But I say perhaps for a reason. Remember the Jovanovic case? He was convicted of kidnapping with the other charges. It never happened. The Albert case as well. There were “injuries” involved there. All consensual. And he was convicted anyway. So even with these possible exceptions the state could be running a political circus instead of a legitimate trial.

Now, as to nullification, it is easy to conclude that the chances of getting 12 people on a jury knowledgeable enough of the system to see it for the railroad that it is, are highly unlikely. Actual acquittal is out of the question.

Never happen.

But in most cases it still takes unanimity to convict. It ususally takes unanimity to convict on retrial as well. It takes only one to bring the system down, even if only for the time being. And it is a system so tainted that it quite clearly needs to be corrected- for the sake of justice.

[That was directly copied and pasted.]

And most comments there (which Paul Elam decided to leave up this time around) aren’t disputing the idea. Go have a look.

A few particularly fucked-up excerpts come from a comment by someone named Benjamin [published May 12, 2011]:

“To avoid being sodomized is one of the prime directives (if you will excuse the phrase) to being a man. IMO, and from my observations, a man is put into an un-righteous and unnatural position of submission to other men who are trying to dominate him gruesomely. This particular crime, especially if allowed to spread throughout a society and become entrenched, will quickly lead to the absolute denigration and dissolution of the family, the extended family, and “civil” society. (Please see this element and its terrible results in prison societies, for reference.)”

“In contrast, a woman who is similarly taken in the ‘exit’, has a very unpleasant time, I don’t much doubt. But, no danger is created to her place in society nor to the family itself nor to society itself, by that. In such a case, she is *rather roughly* put into her natural position of being submitted to a man. (Surprisingly, I actually worked with a man whose Granddad advised him to use this strategy with his wife! Granddad had, for decades, whenever his wife became altogether too b!tchy with guests or whomever, taken her upstairs and initiated sex with her via “an alternate route”, if you will. Granddad actually is reported to have said, and I am not making this up[!], that his wife would come back downstairs basically purring and back to being just as sweet as you would like, again.)”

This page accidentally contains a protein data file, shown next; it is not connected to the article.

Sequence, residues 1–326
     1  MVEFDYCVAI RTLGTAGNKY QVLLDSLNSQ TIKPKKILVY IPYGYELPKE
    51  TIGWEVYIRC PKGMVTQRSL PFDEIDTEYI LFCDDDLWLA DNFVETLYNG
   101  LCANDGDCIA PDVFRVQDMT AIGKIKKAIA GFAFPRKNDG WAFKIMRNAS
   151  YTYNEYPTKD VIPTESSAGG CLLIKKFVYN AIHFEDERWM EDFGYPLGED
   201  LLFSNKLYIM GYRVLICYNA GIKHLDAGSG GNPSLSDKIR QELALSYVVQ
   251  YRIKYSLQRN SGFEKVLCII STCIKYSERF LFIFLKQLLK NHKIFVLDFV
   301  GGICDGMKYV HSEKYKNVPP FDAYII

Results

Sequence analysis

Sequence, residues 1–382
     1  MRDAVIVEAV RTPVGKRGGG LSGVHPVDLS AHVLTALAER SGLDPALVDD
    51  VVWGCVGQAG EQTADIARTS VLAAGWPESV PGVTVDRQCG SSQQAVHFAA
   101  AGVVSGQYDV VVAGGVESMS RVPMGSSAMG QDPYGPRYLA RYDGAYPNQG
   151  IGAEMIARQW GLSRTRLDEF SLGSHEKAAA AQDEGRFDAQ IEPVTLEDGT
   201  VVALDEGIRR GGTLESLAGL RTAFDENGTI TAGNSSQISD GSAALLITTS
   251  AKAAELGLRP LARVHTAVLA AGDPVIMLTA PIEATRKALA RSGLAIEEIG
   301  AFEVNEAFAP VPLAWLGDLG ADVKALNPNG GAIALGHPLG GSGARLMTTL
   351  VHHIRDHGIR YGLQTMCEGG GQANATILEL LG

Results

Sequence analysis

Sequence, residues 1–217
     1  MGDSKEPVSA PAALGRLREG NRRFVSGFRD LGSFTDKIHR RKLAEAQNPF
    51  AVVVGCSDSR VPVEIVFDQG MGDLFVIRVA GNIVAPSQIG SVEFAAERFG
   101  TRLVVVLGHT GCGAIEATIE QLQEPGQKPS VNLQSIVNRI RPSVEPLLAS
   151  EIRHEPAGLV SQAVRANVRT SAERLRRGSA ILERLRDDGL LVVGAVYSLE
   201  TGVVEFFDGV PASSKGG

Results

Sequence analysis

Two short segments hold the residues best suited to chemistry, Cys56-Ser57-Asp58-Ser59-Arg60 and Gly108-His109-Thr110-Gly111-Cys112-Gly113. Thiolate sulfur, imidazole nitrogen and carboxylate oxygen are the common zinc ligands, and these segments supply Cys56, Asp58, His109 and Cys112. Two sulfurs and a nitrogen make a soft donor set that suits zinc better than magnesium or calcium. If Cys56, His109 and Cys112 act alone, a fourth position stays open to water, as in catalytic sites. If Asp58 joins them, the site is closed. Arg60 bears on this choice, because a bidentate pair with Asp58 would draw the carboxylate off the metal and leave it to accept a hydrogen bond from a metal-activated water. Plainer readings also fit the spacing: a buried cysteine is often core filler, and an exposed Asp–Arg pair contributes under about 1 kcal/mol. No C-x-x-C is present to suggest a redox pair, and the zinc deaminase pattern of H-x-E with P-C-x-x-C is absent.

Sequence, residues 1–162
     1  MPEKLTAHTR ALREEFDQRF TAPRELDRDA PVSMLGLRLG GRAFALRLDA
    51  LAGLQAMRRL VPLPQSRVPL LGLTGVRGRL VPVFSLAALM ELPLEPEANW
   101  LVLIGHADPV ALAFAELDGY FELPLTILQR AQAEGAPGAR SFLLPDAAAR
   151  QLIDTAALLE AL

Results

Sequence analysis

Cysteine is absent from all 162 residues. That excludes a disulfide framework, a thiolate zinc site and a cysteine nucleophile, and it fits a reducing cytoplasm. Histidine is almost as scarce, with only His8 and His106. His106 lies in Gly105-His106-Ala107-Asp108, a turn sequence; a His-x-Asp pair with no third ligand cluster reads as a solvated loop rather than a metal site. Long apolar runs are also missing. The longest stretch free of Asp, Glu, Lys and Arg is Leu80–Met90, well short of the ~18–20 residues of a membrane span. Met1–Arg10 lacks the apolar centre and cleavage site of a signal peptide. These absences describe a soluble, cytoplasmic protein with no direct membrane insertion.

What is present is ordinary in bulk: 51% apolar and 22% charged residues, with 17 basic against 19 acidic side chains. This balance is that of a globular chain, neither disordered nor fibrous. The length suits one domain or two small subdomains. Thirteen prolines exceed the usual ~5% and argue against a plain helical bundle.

“It may not be any fun, OK! But it is a far cry from what you asked Mark, about a man’s being sodomized.”

“To ask about the forced taking of a woman in the more natural mode, though, is WAY far away from the topic of the forced sodomy of a man! Those two are not even in the same ballpark.”

____________________
To read his full comment and others, see: http://www.avoiceformen.com/feminism/government-tyranny/on-jury-nullification-and-rape/comment-page-1/#comment-37605

____________________

Holy shit! WTF??!  Seriously???

Another notable comment on there:

Jean Valjean says

April 29, 2011 at 7:58 PM

I think that as soon as jury nullification is used a few times the feminists will call it the backlash of the patriarchy and demand that anyone engaged in JN should be charged with a crime.

Sadly, I’ve never been called up for a jury duty but I have long wished to have an opportunity to sit on a rape trial just for this purpose.

Here’s finally one voice of reason:

Rachael says

June 8, 2011 at 7:49 AM

So…. because of a few false convictions ALL rapes shouldn’t be prosecuted? You are ridiculous.

 

Now, addressing this second article by Paul, I’d like to acknowledge that it’s one thing to vote to acquit if you have reasonable doubts, but it’s quite another if those doubts are sown purely due to ideological reasoning and personal politics. Though apparently humans cannot prove above bias so as to treat a situation objectively because it’s the right thing to do. No, and that’s how the U.S. got corrupted in the first place. And that’s all he’s really advocating more of, not for people to truly be skeptical and turn off their personal biases so as to judge the specific case in question or to demand all relevant information be made available in these trials. No, instead it’s about turning evermore jurors into activists who treat each case as opportunities to further their own causes, even where it’s completely inappropriate and overwhelming evidence (Paul’s own words) is presented. I might understand if the evidence is purely circumstantial and jurors are honestly left with doubts and questions, but otherwise it’s just horseshit bias invading the courts in an attempt to offset the bias they’re convinced is running the other way. Basically playing a tit-for-tat game with people’s lives and our justice system. What society can continue to function if citizens embrace such strategies?

It was/is wrong when feminists do this, and it is wrong when MRAs attempt to do it too. How is more corruption of our courts going to rectify these wrongs? When the principle of protecting men eclipses the principle of dispensing proper justice to the best of our ability, you’ve lost me completely.